# [SOLVED] Find the values of p and q

• Apr 27th 2008, 01:43 AM
anne.
[SOLVED] Find the values of p and q
(2√3 - 1)² = p + q√3

Does anyone know how to solve this?
So far I've only got:

13 - 4√3 = p + q√3

However, as with a similar problem I have done, I am pretty sure there are a range of answers, not just p = 13 and q = -4.

Can someone help me with this?
• Apr 27th 2008, 01:49 AM
Moo
Hello,

It may depend on how you define p and q. Do they belong to $\displaystyle \mathbb{N}$, or $\displaystyle \mathbb{R}$ ?
• Apr 27th 2008, 01:57 AM
Isomorphism
Quote:

Originally Posted by Moo
Hello,

It may depend on how you define p and q. Do they belong to $\displaystyle \mathbb{N}$, or $\displaystyle \mathbb{R}$ ?

Or $\displaystyle \mathbb{Q}$, ya know, the rationals :)
• Apr 27th 2008, 01:58 AM
Moo
If it belongs to $\displaystyle \mathbb{Q}$ there can't be several solutions, just one :)

By the way, I meant $\displaystyle \mathbb{Z}$, certainly not $\displaystyle \mathbb{N}$
• Apr 27th 2008, 01:59 AM
anne.
The question did not contain any further detail, also, I do not know what $\displaystyle \mathbb{N}$ or $\displaystyle \mathbb{R}$ are...we haven't learned it, so I don't think they belong to....those things. (Itwasntme)

Erm....could someone explain what those large, nice looking letters mean? (Worried)

Thanks. (Bow)(Bow)(Bow)
• Apr 27th 2008, 02:03 AM
Moo
$\displaystyle \mathbb{N}$ : set of natural integers (means the positive ones)

$\displaystyle \mathbb{Z}$ : set of all integers (positive and negative)

$\displaystyle \mathbb{Q}$ : rational numbers, which means $\displaystyle \frac pq$ with p and q in $\displaystyle \mathbb{Z}$ (and q different from 0)

$\displaystyle \mathbb{R}$ : set of all numbers, including irrational ones.

$\displaystyle \mathbb{N}$ is included in $\displaystyle \mathbb{Z}$, which is included in $\displaystyle \mathbb{Q}$, which is included in $\displaystyle \mathbb{R}$

-----------------------------

Why did I ask ? Because if we're working on $\displaystyle \mathbb{Z}$, there is only one solution.

If we're working on $\displaystyle \mathbb{R}$, then $\displaystyle p=10-5\sqrt{3}$ and $\displaystyle q=1+\sqrt{3}$ are solutions, for example, but there is an infinity of possibilities. (note that $\displaystyle \sqrt{3}$ is an irrational and only belongs to $\displaystyle \mathbb{R}$).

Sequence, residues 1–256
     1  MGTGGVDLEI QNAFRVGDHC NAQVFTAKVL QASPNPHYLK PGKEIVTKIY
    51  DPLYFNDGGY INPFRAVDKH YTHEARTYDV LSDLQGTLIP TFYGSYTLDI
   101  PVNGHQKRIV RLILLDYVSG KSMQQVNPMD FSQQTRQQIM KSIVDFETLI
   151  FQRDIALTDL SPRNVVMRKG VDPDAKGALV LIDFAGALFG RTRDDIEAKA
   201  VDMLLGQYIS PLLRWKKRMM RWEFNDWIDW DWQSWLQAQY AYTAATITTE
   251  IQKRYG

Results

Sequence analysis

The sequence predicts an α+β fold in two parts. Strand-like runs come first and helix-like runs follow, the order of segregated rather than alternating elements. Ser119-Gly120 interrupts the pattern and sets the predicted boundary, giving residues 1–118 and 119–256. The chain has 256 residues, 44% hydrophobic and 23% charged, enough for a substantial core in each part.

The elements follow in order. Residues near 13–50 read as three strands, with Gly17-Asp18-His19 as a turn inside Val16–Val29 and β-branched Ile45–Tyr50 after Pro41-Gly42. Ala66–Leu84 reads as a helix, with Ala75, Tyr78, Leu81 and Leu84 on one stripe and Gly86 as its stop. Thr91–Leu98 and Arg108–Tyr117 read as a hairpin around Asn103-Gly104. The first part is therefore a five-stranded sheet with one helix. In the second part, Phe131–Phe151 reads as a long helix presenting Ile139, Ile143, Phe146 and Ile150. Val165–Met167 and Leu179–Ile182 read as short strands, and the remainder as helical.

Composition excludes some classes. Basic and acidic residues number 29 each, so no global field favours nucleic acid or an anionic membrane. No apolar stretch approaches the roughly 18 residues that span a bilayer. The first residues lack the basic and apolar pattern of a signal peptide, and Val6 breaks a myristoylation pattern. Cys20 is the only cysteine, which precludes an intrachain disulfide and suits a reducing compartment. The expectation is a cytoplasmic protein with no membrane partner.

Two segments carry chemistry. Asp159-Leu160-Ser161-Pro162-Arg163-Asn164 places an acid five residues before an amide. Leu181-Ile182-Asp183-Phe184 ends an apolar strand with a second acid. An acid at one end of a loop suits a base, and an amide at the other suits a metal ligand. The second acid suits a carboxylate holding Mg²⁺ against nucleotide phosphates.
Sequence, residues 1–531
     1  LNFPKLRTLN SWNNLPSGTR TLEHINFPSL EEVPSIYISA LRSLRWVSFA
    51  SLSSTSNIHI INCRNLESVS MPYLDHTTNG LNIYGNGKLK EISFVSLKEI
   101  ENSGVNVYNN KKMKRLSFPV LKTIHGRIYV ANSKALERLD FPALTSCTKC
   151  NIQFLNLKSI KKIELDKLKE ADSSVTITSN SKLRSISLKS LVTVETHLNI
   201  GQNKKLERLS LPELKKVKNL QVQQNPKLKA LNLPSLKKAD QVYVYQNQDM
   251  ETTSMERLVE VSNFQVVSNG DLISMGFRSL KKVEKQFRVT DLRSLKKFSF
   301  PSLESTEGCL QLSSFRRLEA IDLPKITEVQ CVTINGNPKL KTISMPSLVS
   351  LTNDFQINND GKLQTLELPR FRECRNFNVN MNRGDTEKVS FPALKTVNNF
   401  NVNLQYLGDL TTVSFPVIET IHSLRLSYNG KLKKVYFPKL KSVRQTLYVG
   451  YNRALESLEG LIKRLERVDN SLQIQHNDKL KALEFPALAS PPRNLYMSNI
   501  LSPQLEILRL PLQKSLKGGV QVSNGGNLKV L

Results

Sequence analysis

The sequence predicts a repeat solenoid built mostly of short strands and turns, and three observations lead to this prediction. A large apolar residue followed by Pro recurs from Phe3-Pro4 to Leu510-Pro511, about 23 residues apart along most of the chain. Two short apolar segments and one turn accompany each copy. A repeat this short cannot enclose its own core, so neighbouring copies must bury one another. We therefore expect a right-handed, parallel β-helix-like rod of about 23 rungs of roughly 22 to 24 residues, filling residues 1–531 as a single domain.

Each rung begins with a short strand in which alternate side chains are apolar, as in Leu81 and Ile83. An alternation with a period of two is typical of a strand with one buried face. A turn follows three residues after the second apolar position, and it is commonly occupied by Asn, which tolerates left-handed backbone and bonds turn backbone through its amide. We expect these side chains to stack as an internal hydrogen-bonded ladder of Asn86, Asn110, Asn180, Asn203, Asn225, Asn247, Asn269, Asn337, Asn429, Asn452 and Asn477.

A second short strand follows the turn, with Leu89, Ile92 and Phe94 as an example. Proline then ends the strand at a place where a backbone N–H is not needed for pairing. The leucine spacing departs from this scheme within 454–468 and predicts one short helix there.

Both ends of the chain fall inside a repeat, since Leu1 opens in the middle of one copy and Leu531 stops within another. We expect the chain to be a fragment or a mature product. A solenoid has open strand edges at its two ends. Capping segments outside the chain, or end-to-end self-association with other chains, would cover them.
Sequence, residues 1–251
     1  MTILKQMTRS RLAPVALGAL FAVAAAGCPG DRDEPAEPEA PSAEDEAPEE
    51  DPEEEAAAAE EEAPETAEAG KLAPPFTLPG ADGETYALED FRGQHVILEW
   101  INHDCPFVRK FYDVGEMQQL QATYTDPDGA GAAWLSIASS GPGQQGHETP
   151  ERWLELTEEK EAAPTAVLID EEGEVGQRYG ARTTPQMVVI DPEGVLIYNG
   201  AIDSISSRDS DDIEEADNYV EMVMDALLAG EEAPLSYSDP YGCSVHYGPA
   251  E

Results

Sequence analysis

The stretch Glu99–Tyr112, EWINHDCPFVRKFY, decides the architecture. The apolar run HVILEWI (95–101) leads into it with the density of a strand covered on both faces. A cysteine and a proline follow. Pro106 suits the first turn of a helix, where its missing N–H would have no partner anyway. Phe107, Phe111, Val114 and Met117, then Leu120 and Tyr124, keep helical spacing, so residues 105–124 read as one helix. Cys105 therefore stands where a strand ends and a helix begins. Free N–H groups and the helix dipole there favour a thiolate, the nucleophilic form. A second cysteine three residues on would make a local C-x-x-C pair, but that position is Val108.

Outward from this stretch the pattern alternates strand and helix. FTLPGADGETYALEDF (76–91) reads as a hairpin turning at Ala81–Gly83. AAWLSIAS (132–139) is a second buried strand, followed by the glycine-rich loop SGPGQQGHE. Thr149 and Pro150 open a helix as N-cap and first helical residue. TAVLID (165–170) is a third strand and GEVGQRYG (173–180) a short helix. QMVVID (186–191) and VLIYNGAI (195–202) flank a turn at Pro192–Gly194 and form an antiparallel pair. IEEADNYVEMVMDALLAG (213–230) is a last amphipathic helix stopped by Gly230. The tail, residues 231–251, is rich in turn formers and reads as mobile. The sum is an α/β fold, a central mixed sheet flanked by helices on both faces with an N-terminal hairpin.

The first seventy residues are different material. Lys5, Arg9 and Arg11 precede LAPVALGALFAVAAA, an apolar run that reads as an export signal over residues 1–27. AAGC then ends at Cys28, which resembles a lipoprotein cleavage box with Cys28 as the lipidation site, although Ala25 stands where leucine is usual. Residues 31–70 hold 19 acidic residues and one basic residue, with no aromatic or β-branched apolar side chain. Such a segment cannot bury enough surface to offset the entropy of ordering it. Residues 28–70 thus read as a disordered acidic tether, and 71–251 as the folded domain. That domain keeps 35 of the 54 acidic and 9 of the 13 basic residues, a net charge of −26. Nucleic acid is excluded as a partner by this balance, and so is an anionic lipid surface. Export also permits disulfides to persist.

• Apr 27th 2008, 02:08 AM
Isomorphism
Quote:

Originally Posted by Moo
If it belongs to $\displaystyle \mathbb{Q}$ there can't be several solutions, just one :)

By the way, I meant $\displaystyle \mathbb{Z}$, certainly not $\displaystyle \mathbb{N}$

In the most general sense, shouldnt you be saying $\displaystyle \mathbb{Q}$, since they include $\displaystyle \mathbb{Z}$(this is where uniqueness of the representation holds)?
• Apr 27th 2008, 02:09 AM
anne.
Well the question did not state anything, so I'd assume the solution would belong to $\displaystyle \mathbb{R}$.
• Apr 27th 2008, 02:17 AM
Moo
So the solutions will be

$\displaystyle p=a+b\sqrt{3}$ and $\displaystyle q=c+d\sqrt{3}$

$\displaystyle p+q\sqrt{3}=a+b\sqrt{3}+c\sqrt{3}+3d$

So we want $\displaystyle a+3d=13$ and $\displaystyle b+c=-4$

Hence a=13-3d and b=-4-c.

-------> general solutions are $\displaystyle p=13-3d-(4+c)\sqrt{3}$ and $\displaystyle q=c+d \sqrt{3}$, this time, c and d belonging to $\displaystyle \mathbb{Q}$ (yep Isomorphism, it can be done this way indeed :))

This is only for the ones involving $\displaystyle \sqrt{3}$ the basic way. Otherwise, there is an infinity of them.
• Apr 27th 2008, 02:19 AM
Moo
Since they ask you the "values of p and q", I'd follow the idea that the solutions are simply p=13 and q=-4
• Apr 27th 2008, 02:20 AM
Isomorphism
Quote:

Originally Posted by anne.
Well the question did not state anything, so I'd assume the solution would belong to $\displaystyle \mathbb{R}$.

Then you have $\displaystyle \mathbb{R}$ solutions :)

Pick any real number. Let it be p. Substitute in your equation and solve for q, another real number!

From my experience, I think you are asked to find rational values(that is the numbers from $\displaystyle \mathbb{Q}$ and not $\displaystyle \mathbb{R}$).

Doing it for $\displaystyle \mathbb{R}$ looks uneducational (Thinking)
• Apr 27th 2008, 02:30 AM
anne.
O_O;;

wow. I didn't get a word of the second-last post that you posted (the one with all the equations...)

I'll be sticking with the simple solution of p = 13 and q = -4 then.